Review: Simon vs. the Homo Sapiens Agenda by Becky Albertalli


Title: Simon vs. The Homo Sapiens Agenda
Author: Becky Albertalli
Series: Standalone
Publisher: Balzer + Bray
Publication Date: April 7, 2015
Genre: Young Adult, Contemporary, LGBT, Romance
Source: Purchased

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Rating: 5 stars

Sixteen-year-old and not-so-openly gay Simon Spier prefers to save his drama for the school musical. But when an email falls into the wrong hands, his secret is at risk of being thrust into the spotlight. Now Simon is actually being blackmailed: if he doesn’t play wingman for class clown Martin, his sexual identity will become everyone’s business. Worse, the privacy of Blue, the pen name of the boy he’s been emailing, will be compromised.

With some messy dynamics emerging in his once tight-knit group of friends, and his email correspondence with Blue growing more flirtatious every day, Simon’s junior year has suddenly gotten all kinds of complicated. Now, change-averse Simon has to find a way to step out of his comfort zone before he’s pushed out—without alienating his friends, compromising himself, or fumbling a shot at happiness with the most confusing, adorable guy he’s never met.


“As a side note, don’t you think everyone should have to come out? Why is straight the default? Everyone should have to declare one way or another, and it should be this big awkward thing whether you’re stright, gay, bi, or whatever. I’m just saying.”

Say hello to my new favourite book. Seriously. There is nothing even slightly average about Simon vs. the Homo Sapiens Agenda. It was an extraordinary read.

Everything about this book felt so real. Not once did I ever think, “ok no, this would never happen come on.” Simon’s voice was genuine. It was as if he were an honest to god real person, and not just a fictitious character in a book. I felt like I was a part of his life. Or like he was a part of mine. Like he was one of my closest friends for a moment.

The fact that Simon vs. spanned over a few months made Simon and Blue falling for each other more real. They got to know each other on such an emotional level by only corresponding through emails. The anonymous factor forced them to discuss deeper things that weren’t a part of everyday conversation with friends because they didn’t want the other one to find out who they were.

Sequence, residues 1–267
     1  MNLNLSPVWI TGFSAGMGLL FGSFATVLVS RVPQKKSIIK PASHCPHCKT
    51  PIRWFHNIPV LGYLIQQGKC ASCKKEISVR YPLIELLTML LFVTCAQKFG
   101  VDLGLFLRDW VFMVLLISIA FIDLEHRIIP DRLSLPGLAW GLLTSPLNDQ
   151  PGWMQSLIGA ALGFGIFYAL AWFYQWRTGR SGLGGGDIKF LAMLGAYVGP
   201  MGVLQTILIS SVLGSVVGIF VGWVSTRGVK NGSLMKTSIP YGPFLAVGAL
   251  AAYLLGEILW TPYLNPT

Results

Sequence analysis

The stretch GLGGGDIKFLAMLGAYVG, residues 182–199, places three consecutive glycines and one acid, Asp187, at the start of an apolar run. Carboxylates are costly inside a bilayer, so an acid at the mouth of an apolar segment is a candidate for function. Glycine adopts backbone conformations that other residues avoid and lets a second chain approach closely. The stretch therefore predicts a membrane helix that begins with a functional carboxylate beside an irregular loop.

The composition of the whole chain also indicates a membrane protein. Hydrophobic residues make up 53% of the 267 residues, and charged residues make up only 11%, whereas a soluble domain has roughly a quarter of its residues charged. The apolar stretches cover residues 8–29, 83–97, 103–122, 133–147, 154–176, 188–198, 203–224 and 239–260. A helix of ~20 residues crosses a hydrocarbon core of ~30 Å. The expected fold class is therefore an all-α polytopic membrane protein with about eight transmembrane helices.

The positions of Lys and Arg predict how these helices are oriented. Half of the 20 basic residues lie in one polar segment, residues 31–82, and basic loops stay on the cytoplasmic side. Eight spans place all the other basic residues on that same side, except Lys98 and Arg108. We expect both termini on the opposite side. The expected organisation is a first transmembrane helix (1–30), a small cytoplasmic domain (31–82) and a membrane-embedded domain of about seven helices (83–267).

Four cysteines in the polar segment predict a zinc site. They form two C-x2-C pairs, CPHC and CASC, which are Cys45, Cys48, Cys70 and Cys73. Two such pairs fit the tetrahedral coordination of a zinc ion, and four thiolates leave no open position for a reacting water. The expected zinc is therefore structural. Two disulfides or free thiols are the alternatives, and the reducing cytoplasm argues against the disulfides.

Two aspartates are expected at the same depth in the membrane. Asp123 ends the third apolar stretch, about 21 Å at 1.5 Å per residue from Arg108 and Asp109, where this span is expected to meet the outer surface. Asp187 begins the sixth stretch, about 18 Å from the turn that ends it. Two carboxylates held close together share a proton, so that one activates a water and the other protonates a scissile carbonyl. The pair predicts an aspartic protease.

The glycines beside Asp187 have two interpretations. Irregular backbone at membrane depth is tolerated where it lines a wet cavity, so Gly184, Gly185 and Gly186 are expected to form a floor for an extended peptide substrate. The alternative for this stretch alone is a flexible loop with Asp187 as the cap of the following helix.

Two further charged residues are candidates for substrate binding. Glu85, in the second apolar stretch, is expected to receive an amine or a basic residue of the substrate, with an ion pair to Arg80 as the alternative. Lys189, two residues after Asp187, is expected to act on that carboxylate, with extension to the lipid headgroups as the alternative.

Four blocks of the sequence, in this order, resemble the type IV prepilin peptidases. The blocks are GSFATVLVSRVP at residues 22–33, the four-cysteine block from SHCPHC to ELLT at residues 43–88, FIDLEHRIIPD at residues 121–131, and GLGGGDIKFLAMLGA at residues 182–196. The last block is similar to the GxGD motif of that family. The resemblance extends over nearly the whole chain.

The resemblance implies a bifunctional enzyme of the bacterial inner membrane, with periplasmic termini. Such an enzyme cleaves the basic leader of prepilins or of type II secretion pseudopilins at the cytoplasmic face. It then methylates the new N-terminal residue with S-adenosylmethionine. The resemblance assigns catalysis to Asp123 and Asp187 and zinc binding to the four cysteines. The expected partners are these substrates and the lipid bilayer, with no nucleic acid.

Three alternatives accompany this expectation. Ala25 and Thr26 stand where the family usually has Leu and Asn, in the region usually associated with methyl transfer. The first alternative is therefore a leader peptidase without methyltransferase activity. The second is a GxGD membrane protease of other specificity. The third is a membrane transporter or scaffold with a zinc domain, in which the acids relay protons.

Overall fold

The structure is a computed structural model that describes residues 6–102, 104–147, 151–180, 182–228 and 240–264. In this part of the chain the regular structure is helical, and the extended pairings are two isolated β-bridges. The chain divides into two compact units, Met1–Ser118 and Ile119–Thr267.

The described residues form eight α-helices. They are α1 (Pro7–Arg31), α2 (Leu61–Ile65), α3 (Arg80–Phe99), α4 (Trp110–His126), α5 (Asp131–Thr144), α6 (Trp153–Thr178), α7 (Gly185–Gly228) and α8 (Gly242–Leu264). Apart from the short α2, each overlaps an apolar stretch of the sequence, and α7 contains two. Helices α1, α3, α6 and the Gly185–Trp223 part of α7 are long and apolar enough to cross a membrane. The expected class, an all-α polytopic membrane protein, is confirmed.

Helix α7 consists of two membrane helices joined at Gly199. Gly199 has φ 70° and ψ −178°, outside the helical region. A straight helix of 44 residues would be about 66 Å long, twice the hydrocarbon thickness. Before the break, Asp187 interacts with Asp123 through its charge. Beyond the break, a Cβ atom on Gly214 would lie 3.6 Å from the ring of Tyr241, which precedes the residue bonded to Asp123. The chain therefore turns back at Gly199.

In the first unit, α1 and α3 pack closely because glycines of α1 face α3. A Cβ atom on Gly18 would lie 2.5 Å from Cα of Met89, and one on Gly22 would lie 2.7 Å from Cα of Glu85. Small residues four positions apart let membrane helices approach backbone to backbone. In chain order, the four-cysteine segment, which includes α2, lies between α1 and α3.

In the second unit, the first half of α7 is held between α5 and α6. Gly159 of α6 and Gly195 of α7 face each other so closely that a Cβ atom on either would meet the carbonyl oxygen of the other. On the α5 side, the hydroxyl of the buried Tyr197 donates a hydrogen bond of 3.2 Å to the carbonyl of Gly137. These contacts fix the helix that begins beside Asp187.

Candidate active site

And the reveal. Oh, the reveal. I did figure out who Blue was going to be based on little hints thrown about between the emails and Simon’s everyday life, but I wasn’t disappointed about that. I’m trying my hardest not to spoil anything, so I’ll just say this. Your heart is going to be so full of happiness and you guys aren’t going to be able to handle the first love adorableness. I’m still having trouble because it was just SO DAMN CUTE.

I love minor characters in books. Especially the ones that dish out really good one-liners and/or shed some much needed perspective. And I love to feel like they belong in the book and that they weren’t just some kind of afterthought (as in “oh shit I need to write more than like three people”). Becky Albertalli mastered this. All of the other characters had some kind of role to play. They each had their own important part in Simon’s life to the point where their friendship felt essential to the story.

I think my favourite thing about Simon vs. was that it was just another example of how universal love is. It doesn’t matter what your sexual identity is, love is love. Period. We all get those crazy butterflies, and that feeling of not being able to stop smiling because that other person is just so damn perfect in every way to us. And I mean, we know this already, but I think it’s important to have books like this written for people who still aren’t as accepting. Books that are so simple and yet so powerful all at the same time.

This book was wonderful and you all need to read it, like, now. Right now. Simon vs. the Homo Sapiens Agenda should be required reading as a human being. It’s just that lovely.

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